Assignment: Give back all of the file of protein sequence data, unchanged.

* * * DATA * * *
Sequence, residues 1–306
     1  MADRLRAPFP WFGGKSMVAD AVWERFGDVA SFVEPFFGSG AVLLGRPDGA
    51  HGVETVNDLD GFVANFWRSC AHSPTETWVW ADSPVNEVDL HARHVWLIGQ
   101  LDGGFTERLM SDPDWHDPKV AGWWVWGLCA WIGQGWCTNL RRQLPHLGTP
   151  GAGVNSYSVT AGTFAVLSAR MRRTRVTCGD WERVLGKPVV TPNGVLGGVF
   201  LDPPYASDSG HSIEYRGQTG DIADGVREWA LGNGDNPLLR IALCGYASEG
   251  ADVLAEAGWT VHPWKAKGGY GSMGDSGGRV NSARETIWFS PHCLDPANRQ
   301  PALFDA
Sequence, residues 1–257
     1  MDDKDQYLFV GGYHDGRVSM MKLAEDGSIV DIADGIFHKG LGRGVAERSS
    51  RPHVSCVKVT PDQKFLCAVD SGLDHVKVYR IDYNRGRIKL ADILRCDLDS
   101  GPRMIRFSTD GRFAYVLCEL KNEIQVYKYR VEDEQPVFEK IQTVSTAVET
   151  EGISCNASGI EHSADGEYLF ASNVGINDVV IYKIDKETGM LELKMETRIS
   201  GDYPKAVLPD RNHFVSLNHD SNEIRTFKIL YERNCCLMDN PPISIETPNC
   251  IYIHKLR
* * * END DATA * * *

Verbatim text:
Sequence, residues 1–306
     1  MADRLRAPFP WFGGKSMVAD AVWERFGDVA SFVEPFFGSG AVLLGRPDGA
    51  HGVETVNDLD GFVANFWRSC AHSPTETWVW ADSPVNEVDL HARHVWLIGQ
   101  LDGGFTERLM SDPDWHDPKV AGWWVWGLCA WIGQGWCTNL RRQLPHLGTP
   151  GAGVNSYSVT AGTFAVLSAR MRRTRVTCGD WERVLGKPVV TPNGVLGGVF
   201  LDPPYASDSG HSIEYRGQTG DIADGVREWA LGNGDNPLLR IALCGYASEG
   251  ADVLAEAGWT VHPWKAKGGY GSMGDSGGRV NSARETIWFS PHCLDPANRQ
   301  PALFDA
Sequence, residues 1–257
     1  MDDKDQYLFV GGYHDGRVSM MKLAEDGSIV DIADGIFHKG LGRGVAERSS
    51  RPHVSCVKVT PDQKFLCAVD SGLDHVKVYR IDYNRGRIKL ADILRCDLDS
   101  GPRMIRFSTD GRFAYVLCEL KNEIQVYKYR VEDEQPVFEK IQTVSTAVET
   151  EGISCNASGI EHSADGEYLF ASNVGINDVV IYKIDKETGM LELKMETRIS
   201  GDYPKAVLPD RNHFVSLNHD SNEIRTFKIL YERNCCLMDN PPISIETPNC
   251  IYIHKLR